Money laundering in Indonesia is a significant problem due to weak regulatory controls, insufficient law enforcement and the presence of corruption. Compounding the problem is the fact that Indonesia is vulnerable to smuggling and illegal activities due to its geographic location with its land mass being surrounded by water which makes it hard to patrol. This naturally makes financial institutions and money changers a target for money laundering, however Indonesia has been working towards greater compliance in line with the recommendations set out by FATF.
Indonesia is toughening its stance on compliance when it comes to regulatory reporting, going so far as to revoke the licenses of money changers when they submit documents late or in an improper format. This is partly to protect the image of tourism in the country, and partly to combat money laundering and terrorist financing.
In June 2015 , the FATF removed Indonesia from their list of countries to monitor for AML/CFT compliance progress. This came about after Indonesia introduced a regulation authorizing the government to block terrorist-linked bank accounts. Despite its removal from the list, Indonesia however still remains the second most complex place for business compliance in the world.
This change would bring more business to Indonesian money changers progressively as BI enforces their prohibition with the relevant agencies. Despite the higher business volume, Indonesian money changers should remain vigilant: flag high volume transactions, maintain proper records and submit them promptly to ensure that they stay on the right side of the law.
Aside from guarding against ML and TF, money changers in Indonesia also have to deal with great volatility in the IDR. In Indonesia, BI has an unusual mandate relative to other central banks. The usual primary mandates of central banks around the world would be one (or more) of the following: to keep inflation stable, unemployment low and the whole financial system stable. BI’s single mandate is to keep the Indonesian Rupiah (IDR) stable to manage inflation which is allowed to spike ‘temporarily’.
This single mandate is responsible for the history of IDR volatility, especially in the 1997/1998 Asian Financial Crisis. The value of the IDR had the greatest decline of 70% which was double that of the Malaysian Ringgit (MYR) and Thai Baht (THB).
According to the Wall Street Journal , 80% of office rents are paid in USD. BI rolled out a new ruling on 01 July 2015 which prohibited the use of foreign currencies in Indonesia. Import-export and international financing deals where parties from different countries are involved are however exempted from this deal. This new rule is an attempt to strengthen the legal tender status of IDR as the reform momentum slows.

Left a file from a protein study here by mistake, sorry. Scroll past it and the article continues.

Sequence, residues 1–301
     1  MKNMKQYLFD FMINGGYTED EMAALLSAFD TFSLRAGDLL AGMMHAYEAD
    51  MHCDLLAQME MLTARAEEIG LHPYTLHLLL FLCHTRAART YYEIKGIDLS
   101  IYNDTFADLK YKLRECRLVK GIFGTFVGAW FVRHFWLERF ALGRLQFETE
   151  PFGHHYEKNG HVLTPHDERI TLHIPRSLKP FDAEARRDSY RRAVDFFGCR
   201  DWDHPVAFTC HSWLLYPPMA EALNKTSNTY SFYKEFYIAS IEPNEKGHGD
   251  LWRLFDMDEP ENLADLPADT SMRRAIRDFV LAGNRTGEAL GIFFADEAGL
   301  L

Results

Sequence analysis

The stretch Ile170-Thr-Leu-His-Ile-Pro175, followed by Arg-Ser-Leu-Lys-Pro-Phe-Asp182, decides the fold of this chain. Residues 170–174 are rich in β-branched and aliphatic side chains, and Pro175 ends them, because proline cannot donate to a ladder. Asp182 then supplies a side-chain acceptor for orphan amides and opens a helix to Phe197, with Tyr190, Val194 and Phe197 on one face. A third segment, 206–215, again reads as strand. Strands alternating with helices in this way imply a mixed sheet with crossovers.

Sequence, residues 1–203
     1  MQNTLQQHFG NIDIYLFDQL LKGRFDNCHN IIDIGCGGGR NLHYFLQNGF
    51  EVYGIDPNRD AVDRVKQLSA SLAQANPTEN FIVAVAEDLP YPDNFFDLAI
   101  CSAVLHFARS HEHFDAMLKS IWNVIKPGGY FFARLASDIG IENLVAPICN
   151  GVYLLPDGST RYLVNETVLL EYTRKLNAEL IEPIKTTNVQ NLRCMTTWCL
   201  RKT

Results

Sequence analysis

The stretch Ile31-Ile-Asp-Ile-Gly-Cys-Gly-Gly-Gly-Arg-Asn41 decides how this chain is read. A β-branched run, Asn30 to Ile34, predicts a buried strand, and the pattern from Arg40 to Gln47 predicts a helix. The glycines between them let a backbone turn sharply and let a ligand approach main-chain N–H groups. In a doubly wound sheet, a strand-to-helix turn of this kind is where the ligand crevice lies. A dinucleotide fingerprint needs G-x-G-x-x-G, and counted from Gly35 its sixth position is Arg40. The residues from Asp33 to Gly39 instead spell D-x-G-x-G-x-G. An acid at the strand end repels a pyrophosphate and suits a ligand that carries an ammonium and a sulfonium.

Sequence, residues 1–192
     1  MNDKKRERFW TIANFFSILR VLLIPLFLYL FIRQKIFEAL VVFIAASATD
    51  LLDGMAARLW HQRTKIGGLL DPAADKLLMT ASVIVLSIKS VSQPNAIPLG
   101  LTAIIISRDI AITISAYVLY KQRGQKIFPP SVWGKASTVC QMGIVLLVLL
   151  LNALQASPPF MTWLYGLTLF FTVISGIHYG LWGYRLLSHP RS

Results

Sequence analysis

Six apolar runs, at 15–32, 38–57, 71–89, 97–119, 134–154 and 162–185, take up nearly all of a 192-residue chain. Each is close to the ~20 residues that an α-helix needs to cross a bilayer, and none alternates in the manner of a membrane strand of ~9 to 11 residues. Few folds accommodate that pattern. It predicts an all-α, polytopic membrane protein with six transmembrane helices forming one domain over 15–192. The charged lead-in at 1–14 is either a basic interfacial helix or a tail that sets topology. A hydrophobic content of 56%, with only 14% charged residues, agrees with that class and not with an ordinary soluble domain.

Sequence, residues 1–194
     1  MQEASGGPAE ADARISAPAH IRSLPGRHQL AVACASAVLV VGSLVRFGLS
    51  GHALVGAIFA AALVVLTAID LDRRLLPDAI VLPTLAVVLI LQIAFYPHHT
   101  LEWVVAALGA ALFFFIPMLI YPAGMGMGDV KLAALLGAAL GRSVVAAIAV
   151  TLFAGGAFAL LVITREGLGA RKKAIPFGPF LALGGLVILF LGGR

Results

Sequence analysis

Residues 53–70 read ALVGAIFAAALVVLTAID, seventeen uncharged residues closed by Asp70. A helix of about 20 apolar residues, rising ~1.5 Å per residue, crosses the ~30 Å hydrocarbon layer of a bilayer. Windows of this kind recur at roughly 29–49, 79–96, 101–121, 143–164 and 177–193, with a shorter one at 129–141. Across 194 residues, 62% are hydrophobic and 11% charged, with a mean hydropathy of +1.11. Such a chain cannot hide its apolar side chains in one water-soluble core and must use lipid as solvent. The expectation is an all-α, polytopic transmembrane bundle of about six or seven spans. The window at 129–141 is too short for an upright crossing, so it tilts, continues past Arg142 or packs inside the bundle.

Indonesia appointed the highly respected General Tito Karnavian as the chief of national counter-terrorism agency, BNPT, on 15 March 2016 reflecting their resolve to enforce compliance laws diligently. In June 2016 , an Indonesian lawmaker was sentenced to six years of jail for money laundering.
Indonesia has a myriad of laws which can be confusing and requires too much time to digest properly for the lay person. For the convenience of Indonesian money changers, we have extracted the following highlights.
Article 11 states that:
Money changers are especially vulnerable as they deal with large numbers of transaction daily. Hence they should screen their clients diligently for every transaction which hits the prescribed limits to stay out of prison.
(English Version) Article 1.6 states that:
The law specifically defines suspicious transaction because they want it to be reported. In addition, article 13.1 states that:
Providers of Financial Services shall be obligated to submit reports to the PPATK referred to in Chapter V, in respect of the following matters:
a. Suspicious financial transactions; b. Financial transactions conducted in cash to a cumulative total of Rp.500,000,000.00 (five hundred million rupiah) or more or an equivalent amount (in foreign currency), conducted either in one transaction or in several transactions within 1 (one) business day.
PPATK is the local office that handles suspicious transaction. BI would later revise record keeping limit to US$25,000 or (Rp $329,874,925) in 2015. Money changers should follow the lower limits in their daily operations.
Most importantly, Indonesian money changers should take note of the following penalty provisions for anti-money laundering. Article 6.1 states that:
Any person receiving or controlling the:
of assets known or reasonably suspected by him to constitute the proceeds of crime, shall be subject to the criminal sanction of imprisonment for a minimum of 5 (five) years and for a maximum of 15 (fifteen) years and to a minimum fine of Rp.5,000,000,000.00 (five billion rupiah) and to a maximum fine of Rp.15,000,000,000.00 (fifteen billion rupiah).
Money changers should know that when they run afoul of the anti-money laundering laws, they are highly likely to violate the anti-terrorism financing laws too. They can end up in jail for 30 years and paying 15 billion rupiah worth of fines.
Article 13E states that one of the criteria for being a money changer in Indonesia:
In other words, once Indonesian money changers have been convicted of money laundering, they are out of business for at least two years and they will lose their license, in addition to the jail terms and fines.